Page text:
A challenge to the Northern abolitionist view of the institution of slavery, favorably contrasting the living conditions of American slaves (above) with the lot of the industrial poor in England (below). The first scene is impossibly naive: Southern slaves dance and play as four gentlemen--two Northerners and two Southerners--observe.
First Northerner: "Is it possible that we of the North have been so deceived by false Reports? Why did we not visit the South before we caused this trouble between the North and South, and so much hard feelings amongst our friends at home?"
Southerner: "It is as a general thing, some few exceptions, after mine have done a certain amount of Labor which they finish by 4 or 5 P.M. I allow them to enjoy themselves in any reasonable way."
Second Southerner: "I think our Visitors will tell a different Story when they return to the North, the thoughts of this Union being dissolved is to [sic] dreadful a thing to be contemplated, but we must stand up for our rights let the consequence be as it may."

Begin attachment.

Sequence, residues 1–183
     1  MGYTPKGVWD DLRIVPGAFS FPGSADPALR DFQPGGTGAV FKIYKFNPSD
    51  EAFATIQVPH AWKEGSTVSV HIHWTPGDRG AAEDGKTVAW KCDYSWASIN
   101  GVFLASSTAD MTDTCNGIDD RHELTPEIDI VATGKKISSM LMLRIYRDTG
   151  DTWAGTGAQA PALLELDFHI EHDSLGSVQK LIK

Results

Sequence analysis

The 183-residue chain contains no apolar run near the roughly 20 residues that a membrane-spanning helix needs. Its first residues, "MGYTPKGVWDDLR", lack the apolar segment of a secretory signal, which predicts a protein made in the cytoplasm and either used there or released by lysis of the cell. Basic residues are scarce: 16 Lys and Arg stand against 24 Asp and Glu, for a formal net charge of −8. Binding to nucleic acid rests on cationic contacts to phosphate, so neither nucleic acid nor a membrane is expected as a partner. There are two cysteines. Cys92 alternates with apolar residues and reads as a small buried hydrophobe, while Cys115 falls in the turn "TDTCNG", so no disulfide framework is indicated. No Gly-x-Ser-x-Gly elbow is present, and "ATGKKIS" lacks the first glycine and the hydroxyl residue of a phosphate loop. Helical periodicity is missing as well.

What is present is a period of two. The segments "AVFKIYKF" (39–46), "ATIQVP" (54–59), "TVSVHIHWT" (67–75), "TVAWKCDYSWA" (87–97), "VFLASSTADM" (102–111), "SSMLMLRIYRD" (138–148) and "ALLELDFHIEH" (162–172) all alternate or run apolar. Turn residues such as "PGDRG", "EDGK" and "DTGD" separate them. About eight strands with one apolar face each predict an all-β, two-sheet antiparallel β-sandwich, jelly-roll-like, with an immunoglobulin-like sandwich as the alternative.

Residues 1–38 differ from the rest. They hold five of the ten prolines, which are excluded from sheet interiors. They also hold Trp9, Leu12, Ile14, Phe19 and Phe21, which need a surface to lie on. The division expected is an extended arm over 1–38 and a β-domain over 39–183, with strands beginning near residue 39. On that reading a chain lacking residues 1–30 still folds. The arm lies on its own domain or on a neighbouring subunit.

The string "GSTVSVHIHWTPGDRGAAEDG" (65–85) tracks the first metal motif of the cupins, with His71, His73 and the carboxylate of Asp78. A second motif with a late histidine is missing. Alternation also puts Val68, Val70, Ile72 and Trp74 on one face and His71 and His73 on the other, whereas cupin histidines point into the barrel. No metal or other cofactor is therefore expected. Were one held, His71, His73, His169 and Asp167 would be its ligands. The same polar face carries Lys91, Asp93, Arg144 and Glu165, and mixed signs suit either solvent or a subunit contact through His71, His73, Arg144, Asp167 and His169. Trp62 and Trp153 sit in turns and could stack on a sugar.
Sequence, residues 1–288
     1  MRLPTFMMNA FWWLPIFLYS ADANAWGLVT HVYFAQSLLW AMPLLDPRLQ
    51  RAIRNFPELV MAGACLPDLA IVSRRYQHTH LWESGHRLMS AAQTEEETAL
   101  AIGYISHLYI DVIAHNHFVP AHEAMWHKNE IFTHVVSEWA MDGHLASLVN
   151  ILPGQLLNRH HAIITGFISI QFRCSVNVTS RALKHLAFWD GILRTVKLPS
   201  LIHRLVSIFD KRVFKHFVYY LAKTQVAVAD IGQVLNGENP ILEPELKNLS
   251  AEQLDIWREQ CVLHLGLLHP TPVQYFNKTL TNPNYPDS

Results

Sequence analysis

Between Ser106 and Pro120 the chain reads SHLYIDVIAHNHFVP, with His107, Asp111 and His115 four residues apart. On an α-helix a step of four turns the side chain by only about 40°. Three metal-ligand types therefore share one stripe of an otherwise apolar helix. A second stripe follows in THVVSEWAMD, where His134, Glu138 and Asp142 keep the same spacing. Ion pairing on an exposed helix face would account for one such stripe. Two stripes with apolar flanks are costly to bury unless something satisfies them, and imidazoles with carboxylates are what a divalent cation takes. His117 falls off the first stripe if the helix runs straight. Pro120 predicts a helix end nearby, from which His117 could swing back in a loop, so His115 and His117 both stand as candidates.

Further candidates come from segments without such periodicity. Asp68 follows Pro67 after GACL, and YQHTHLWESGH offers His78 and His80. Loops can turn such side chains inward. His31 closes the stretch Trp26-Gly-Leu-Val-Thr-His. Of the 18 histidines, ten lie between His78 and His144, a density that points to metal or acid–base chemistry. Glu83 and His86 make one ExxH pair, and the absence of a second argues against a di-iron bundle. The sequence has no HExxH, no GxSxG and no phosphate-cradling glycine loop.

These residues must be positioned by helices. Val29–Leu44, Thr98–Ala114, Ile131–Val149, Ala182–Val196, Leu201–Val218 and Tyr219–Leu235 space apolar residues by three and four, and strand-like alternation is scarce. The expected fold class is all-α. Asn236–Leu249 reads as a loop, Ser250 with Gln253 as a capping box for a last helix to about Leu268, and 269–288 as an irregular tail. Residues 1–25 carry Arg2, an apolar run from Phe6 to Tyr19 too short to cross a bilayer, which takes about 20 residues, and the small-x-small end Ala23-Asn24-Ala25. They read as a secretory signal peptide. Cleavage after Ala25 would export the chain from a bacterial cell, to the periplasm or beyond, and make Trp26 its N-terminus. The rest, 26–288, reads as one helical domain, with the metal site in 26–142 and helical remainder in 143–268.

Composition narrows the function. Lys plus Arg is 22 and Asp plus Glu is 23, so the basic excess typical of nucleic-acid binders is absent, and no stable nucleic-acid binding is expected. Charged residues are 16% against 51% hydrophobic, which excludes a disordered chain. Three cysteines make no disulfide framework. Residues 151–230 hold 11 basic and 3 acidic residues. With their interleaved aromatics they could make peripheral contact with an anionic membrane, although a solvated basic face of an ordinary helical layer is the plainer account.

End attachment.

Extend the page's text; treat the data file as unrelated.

The second scene takes place outside a British textile factory. At left a well-dressed gentleman encounters a ragged, stooped figure, and asks, "Why my Dear Friend, how is it that you look so old? you know we were playmates when boys." The stooped figure responds, "Ah! Farmer we operatives are "fast men," and generally die of old age at Forty."
Behind them and to the right an emaciated mother laments over her ragged children, "Oh Dear! what wretched Slaves, this Factory Life makes me & my children." Nearby stand a fat cleric, holding a book of "Tythes," and an equally fat official holding "Taxes."
In the right foreground two barefoot youths converse. The first says,"I say Bill, I am going to run away from the Factory, and go to the Coal Mines where they have to work only 14 hours a Day instead of 17 as you do here." The second responds, "Oh! how I would like to have such a comfortable place. . . " Near them another man sits forlorn on a rock, "Thank God my Factory Slavery will soon be over." In the distance a military camp is visible.
This dismal picture of the lives of the working class in manufacturing towns comes from Chapter V, Book Second, of Edward Lytton Bulwer's "England and the English," first published in 1833.
In the lower margin is a portrait of "[George] Thompson the English Anti-Slavery Agitator" and the quote "I am proud to boast that Slavery does not breathe in England," with reference to "his speech at the African Church in Belknap St." Thompson made a speaking tour of New York and New England in 1850-51.